White Processed Sugar Alternatives

Definition of PURE:adj. Free of dirt, pollutants, infectious agents, or other unwanted elements. Definition of EMANCIPATION: noun. The act by which one who was not free or under the power and control of another, is set free.

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We all know that processed white sugar is not good for us at all.  Why?

Added sugar is the single worst ingredient in the modern diet.

It can have harmful effects on metabolism and contribute to all sorts of diseases.  Added sugars (like sucrose and high fructose corn syrup) contain a whole bunch of calories with NO essential nutrients.

  1.  Sugar contains a lot of calories, with no essential nutrients. It also causes tooth decay by feeding the harmful bacteria in the mouth.
  2. For people who are inactive and eat a Western diet, large amounts of fructose from added sugars get turned into fat in the liver.
  3. Excess fructose gets turned into fat, which can lodge in the liver and cause non-alcoholic fatty liver disease.
  4. When people eat a lot of sugar, it can cause resistance to the hormone insulin, which can contribute to many diseases.
  5. Because of the harmful effects of sugar on the function of insulin, it is a leading driver of type II diabetes.
  6. There is considerable evidence that sugar, due to its harmful effects on metabolism, can contribute to cancer.
  7. Fructose doesn’t cause satiety in the brain or lower the hunger hormone ghrelin nearly as much as glucose.
  8. Because sugar causes a large release of dopamine in the brain, it can cause addiction in a lot of people.
  9. Because of the effects of sugar on hormones and the brain, sugar dramatically increases the risk of becoming overweight or obese
  10. Not surprisingly, many observational studies find a strong statistical association between sugar consumption and the risk of heart disease.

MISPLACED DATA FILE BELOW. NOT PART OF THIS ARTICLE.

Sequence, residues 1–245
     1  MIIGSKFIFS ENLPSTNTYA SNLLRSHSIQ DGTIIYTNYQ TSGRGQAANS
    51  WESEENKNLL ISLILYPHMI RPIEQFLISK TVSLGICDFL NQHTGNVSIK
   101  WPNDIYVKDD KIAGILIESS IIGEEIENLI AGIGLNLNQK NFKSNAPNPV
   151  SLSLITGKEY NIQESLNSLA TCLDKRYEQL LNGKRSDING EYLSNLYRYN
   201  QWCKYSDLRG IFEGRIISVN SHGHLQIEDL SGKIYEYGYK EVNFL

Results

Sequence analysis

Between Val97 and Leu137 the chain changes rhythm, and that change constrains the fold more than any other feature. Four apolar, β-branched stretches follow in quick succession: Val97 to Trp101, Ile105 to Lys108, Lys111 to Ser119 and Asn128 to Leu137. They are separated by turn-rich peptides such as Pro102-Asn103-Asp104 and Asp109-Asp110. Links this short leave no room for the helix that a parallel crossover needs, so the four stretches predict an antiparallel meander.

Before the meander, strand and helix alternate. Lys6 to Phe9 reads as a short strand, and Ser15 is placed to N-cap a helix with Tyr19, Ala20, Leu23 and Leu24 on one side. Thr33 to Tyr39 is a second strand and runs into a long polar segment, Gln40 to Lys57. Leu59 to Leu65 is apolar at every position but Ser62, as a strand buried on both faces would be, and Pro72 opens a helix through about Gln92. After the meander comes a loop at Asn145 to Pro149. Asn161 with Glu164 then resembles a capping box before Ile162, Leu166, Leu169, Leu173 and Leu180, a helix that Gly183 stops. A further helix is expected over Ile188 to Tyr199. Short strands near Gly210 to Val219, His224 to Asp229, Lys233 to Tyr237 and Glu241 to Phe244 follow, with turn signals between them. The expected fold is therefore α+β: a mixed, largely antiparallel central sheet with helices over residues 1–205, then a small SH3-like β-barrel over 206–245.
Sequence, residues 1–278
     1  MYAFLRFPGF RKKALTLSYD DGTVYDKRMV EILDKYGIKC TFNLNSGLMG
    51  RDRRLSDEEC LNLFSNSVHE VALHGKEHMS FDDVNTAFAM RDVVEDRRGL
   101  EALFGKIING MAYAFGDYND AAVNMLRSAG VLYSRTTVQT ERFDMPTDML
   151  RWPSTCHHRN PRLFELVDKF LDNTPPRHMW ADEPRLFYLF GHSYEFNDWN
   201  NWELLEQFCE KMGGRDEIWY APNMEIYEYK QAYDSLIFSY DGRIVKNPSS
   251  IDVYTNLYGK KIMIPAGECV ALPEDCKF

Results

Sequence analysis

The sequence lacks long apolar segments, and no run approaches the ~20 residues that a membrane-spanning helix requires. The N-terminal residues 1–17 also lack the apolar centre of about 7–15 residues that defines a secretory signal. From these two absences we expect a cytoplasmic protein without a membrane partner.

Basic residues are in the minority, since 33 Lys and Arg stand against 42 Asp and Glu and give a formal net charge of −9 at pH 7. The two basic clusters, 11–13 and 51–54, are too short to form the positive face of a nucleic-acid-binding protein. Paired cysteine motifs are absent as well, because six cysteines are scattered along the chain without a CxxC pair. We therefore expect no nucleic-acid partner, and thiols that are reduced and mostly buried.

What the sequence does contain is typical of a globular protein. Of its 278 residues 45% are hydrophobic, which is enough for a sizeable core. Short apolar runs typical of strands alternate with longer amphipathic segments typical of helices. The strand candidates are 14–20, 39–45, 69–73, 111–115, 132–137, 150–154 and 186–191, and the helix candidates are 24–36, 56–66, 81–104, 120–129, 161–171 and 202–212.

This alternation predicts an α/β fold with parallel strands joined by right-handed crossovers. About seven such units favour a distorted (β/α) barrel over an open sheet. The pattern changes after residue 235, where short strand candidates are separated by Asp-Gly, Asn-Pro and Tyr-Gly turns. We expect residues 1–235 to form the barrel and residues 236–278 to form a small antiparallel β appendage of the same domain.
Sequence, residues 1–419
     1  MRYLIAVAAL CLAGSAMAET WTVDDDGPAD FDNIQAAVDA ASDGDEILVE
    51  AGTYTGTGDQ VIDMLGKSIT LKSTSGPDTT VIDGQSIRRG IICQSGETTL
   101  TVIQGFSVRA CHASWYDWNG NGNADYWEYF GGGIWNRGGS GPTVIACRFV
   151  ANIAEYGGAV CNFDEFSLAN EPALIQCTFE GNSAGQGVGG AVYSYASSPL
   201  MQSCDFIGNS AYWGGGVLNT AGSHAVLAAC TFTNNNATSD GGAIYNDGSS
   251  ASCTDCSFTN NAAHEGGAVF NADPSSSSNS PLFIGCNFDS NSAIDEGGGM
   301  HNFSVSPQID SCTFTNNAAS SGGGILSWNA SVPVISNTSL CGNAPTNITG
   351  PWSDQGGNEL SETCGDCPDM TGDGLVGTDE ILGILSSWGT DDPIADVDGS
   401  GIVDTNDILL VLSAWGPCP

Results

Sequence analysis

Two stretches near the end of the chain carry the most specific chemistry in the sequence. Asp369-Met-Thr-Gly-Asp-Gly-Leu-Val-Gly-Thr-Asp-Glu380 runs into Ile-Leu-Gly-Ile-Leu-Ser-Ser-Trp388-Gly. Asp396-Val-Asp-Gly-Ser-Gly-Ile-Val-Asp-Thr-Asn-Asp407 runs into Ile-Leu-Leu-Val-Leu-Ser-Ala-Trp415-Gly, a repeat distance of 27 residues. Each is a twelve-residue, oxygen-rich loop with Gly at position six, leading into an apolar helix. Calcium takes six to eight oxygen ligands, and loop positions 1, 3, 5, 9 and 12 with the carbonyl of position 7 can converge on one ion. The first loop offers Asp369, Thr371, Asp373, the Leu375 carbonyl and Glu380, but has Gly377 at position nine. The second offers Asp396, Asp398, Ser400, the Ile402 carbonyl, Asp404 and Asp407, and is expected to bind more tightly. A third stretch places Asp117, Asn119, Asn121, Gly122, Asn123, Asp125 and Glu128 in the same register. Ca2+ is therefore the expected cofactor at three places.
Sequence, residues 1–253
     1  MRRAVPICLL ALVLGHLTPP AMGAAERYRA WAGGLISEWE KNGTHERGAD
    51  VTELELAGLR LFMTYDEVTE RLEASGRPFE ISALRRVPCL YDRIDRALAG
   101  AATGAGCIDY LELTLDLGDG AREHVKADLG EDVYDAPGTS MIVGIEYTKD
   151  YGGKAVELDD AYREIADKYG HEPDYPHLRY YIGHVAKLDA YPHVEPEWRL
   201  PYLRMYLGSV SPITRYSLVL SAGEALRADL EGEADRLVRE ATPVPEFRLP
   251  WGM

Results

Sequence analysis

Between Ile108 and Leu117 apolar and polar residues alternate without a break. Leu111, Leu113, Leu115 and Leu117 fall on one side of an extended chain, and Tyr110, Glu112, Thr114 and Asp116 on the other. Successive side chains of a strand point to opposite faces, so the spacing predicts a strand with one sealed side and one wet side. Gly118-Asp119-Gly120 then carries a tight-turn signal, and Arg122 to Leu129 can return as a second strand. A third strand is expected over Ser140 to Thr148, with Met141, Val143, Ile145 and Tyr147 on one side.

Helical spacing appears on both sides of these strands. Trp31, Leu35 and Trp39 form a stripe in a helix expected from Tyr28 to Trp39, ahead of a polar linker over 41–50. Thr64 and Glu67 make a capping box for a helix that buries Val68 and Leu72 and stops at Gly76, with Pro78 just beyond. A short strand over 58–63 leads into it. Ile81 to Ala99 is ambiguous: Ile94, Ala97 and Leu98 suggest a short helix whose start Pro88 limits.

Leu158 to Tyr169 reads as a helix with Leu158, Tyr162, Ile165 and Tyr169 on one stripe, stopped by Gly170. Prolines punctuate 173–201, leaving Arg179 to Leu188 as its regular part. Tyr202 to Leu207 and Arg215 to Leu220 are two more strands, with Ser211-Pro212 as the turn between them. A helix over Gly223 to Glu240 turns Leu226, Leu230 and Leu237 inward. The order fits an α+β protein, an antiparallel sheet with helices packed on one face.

-Kris Gunnars

-Authority Nutrition-An Evidenced Based Approach

There are alternatives to white processed sugar.  See the many options below.


Photo By Getty Images

Coconut Sugar

Made from the sap of coconut-tree blossoms, this sweetener is loaded with zinc, potassium, iron, and vitamin B. “It also contains less fructose than table sugar, which is helpful because fructose is tough for your body to break down and metabolize,” says New York City nutritionist Stephanie Middleberg.

Best uses: Despite the name, there’s no coconut flavor; it has more of a caramel taste, which works well in coffee or tea. Because it’s granular, it’s also a great substitute for white or brown sugar in recipes.


Maple Syrup

Research shows that pure maple syrup – straight from the tree, not the cheap stuff made from corn syrup flavored with maple extract – can contain up to 54 antioxidant compounds, some of which may help combat cancer and diabetes.

Best uses: Besides pouring it over pancakes, try this spicy syrup in homemade ice cream, barbecue sauce, salad dressing, and glazes or gravies for pork.


Photo By Getty Images


It may sound like a gimmicky name for an artificial sweetener, but stevia is actually a natural sugar substitute derived from the leaves of the South American stevia plant. “It’s one of your best options because it has no calories or carbs, and studies suggest it may help control insulin resistance,” says holistic nutritionist Lisa Turner.

Best uses: Flavor oatmeal, yogurt, cereal, and drinks with just a touch – stevia is far sweeter than sugar, and leaves a bitter, licorice-like aftertaste if you overdo it.


Blackstrap Molasses

A by-product of sugarcane, “this sweetener is high in minerals, especially magnesium, which is helpful to a healthy metabolism. That’s a mineral that around two-thirds of us don’t get enough of in our diets.

Best uses: This type of molasses tastes bitter on its own, but it will add a rich, smoky sweetness to spicy or savory dishes and baked goods like gingerbread.

Photo By Getty Images

Raw Honey

Make sure your bottle says raw to ensure you’re getting disease-fighting antioxidants that could otherwise be destroyed during pasteurization. You eat it exactly like it comes out of the hive. Raw honey can fight colds and sore throats, kill antibiotic-resistant bacteria, and reduce symptoms of respiratory infections.